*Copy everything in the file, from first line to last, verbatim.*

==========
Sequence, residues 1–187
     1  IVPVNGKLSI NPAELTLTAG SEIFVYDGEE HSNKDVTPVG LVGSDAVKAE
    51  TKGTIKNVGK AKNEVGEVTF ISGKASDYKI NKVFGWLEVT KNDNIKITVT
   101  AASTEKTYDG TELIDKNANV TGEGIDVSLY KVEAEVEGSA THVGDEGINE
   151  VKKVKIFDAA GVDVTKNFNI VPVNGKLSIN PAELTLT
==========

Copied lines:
Sequence, residues 1–187
     1  IVPVNGKLSI NPAELTLTAG SEIFVYDGEE HSNKDVTPVG LVGSDAVKAE
    51  TKGTIKNVGK AKNEVGEVTF ISGKASDYKI NKVFGWLEVT KNDNIKITVT
   101  AASTEKTYDG TELIDKNANV TGEGIDVSLY KVEAEVEGSA THVGDEGINE
   151  VKKVKIFDAA GVDVTKNFNI VPVNGKLSIN PAELTLT